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A Secret of Success

By Chad Crawford

PMI Blues Guitar Instructor

Catchy title, eh? Notice I said “A secret”, as opposed to “THE secret”. The truth is, there are many elements that contribute to success in any endeavor. They are not really secrets either, they just seem that way to people who have not grasped them yet. We are going to discuss one “secret” in this article that will be of great value to you as you strive to improve your skills on the guitar. This will also apply to about anything else you do in life for that matter.

Now, I am going to guess when you saw the title of the article you might have been expecting I was going to provide some kind of short cut that would make it easy to improve your guitar skills in a very short time. Did you? Well, sorry about that. No such luck. About the closest you are going to get to that ideal is “find a great instructor”. Unfortunately there are no easy ways to become a musician, there are only more effective and less effective methods.

So by now you are asking if I would just shut up and get to the secret? OK. I am going to ease into it with some explanation, then lay it on you.

The Foundation of Success

If you want a straightforward bottom line about becoming a competent musician, the key concept is WORK. If you are one of these who has believed that it is all about “natural talent” I hope I can dissuade you of that view. I won’t go deep into that topic in this article, but if you want to check it out for yourself you can do some research on some of your favorite musicians and how they got to be great.

Now, if you have been a human being long enough you have probably figured something out: we don’t like work much. Work is HARD and BORING. We would much rather play, right? As humans we all have an inherent aversion to work. This is called LAZINESS. If there is any one thing that is most likely to derail your aspirations to become a competent musician, it is laziness. Laziness comes out in many forms, some very obvious and some not so obvious. The obvious ones are such as this, “I would rather watch TV than practice boring exercises on guitar”. The less obvious ones might be along these lines, “ I need to practice my harmonic minor scales, but it is more fun to just blast away on the Pentatonic Minor I already know, so I will do that for 30 minutes and practice Harmonic Minor for 2 minutes. Then I will tell my instructor I practiced Harmonic Minor for 32 minutes.” Or how about this, “I really need to practice, but I will instead squander two precious hours having dinner and spending quality time with my family”.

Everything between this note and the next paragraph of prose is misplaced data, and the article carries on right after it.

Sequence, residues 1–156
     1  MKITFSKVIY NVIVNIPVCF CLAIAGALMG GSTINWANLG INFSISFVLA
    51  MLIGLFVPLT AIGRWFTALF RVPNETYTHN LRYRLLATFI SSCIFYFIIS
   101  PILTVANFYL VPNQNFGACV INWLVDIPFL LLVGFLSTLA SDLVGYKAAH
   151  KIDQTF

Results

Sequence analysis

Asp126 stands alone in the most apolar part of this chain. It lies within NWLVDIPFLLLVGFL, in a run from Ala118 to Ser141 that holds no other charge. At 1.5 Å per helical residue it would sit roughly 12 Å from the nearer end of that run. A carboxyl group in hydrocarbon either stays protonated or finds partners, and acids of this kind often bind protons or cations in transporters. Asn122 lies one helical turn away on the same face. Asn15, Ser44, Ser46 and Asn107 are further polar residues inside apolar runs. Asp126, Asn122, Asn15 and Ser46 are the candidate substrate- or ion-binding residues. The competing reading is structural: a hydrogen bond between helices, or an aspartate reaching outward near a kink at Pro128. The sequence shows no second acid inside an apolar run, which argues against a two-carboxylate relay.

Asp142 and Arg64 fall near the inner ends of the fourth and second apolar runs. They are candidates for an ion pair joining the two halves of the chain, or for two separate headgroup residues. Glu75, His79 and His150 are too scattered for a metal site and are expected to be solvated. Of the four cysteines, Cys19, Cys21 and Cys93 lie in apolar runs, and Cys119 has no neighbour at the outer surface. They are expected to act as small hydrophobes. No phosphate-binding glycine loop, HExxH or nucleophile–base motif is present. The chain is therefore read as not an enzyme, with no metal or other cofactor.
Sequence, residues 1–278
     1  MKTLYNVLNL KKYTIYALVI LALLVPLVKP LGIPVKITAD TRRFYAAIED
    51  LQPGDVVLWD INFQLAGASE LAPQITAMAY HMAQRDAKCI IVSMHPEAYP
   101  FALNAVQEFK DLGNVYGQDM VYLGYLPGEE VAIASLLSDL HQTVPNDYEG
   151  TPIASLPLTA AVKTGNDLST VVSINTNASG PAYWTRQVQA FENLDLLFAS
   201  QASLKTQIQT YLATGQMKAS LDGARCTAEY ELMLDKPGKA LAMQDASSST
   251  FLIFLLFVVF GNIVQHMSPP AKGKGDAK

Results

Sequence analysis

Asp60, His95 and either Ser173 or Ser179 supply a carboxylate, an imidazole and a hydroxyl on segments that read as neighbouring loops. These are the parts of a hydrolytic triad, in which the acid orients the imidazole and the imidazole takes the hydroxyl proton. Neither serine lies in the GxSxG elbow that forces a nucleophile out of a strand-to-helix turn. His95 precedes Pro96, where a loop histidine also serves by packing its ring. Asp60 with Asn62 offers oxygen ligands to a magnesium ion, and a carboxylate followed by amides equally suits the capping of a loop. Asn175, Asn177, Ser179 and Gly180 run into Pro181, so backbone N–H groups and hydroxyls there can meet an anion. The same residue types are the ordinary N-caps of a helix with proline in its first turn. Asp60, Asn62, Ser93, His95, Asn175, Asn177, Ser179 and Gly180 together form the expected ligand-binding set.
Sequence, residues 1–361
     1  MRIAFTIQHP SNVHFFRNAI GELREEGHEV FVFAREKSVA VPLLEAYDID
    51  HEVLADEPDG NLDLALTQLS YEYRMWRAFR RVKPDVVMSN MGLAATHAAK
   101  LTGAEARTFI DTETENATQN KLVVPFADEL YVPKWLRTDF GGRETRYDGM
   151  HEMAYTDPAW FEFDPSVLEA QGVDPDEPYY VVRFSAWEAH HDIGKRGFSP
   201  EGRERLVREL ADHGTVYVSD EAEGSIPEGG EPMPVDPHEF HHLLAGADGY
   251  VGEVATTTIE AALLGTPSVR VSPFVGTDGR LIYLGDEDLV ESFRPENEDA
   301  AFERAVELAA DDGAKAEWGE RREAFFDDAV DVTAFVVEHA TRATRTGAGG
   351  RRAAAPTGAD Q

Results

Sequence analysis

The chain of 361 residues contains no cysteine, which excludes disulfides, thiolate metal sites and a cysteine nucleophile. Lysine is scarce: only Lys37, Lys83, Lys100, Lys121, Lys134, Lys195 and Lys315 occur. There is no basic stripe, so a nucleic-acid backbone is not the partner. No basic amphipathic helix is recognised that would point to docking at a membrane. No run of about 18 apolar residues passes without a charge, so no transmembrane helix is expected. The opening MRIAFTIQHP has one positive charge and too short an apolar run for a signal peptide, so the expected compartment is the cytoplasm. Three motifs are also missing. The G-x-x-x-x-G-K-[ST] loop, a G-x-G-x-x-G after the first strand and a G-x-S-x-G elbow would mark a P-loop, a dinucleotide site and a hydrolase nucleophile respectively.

Ok, maybe that last one is a bit too extreme for you who are not REALLY committed just yet! Don’t worry, you don’t have to be that radical to get pretty good on the guitar. The point is that laziness is a deadly enemy to progress. It comes out in many ways and is always on your shoulder, whispering to you - take it easy, go the easier route, find a less hard way to do this, take a short cut, if I had any talent this would not be hard so I might as well give up, etc. We must overcome this if we are to succeed. So, you might be thinking the answer is discipline, right? Well, yes. However, laziness is a VERY POWERFUL and SNEAKY internal adversary and the truth is most of us do not have the wits or the kind of internal discipline we need to overcome it – by ourselves.

And there in that last phrase is an age-old, very powerful secret of success, utilized by nations, armies, corporate leaders, athletic coaches, and other kinds of team leaders across times, places, and cultures. It is powerful enough to squash the roaring demon of laziness into a pile of ash.

Do you see it yet?

The Secret Revealed!

Imagine this. You are on the football team and the coach passes out a sheet at the beginning of the week. On the sheet is the list of all the agonizing physical torture he wants you to inflict on yourself this week. Since he knows you want to be a winner he trusts you to see to this, meeting adjourned, see you next week. You go home and look over the list while you are watching TV and eating donuts. If you are especially self-disciplined you might even memorize the contents of the list. You may even go out and run a half mile until you get winded and it starts hurting your legs. Then you give up. After all it is 90 degrees outside and this is boring, and besides who will know or care if you cheat? Besides (here is the deadliest dart of them all) I will have more time for this tomorrow.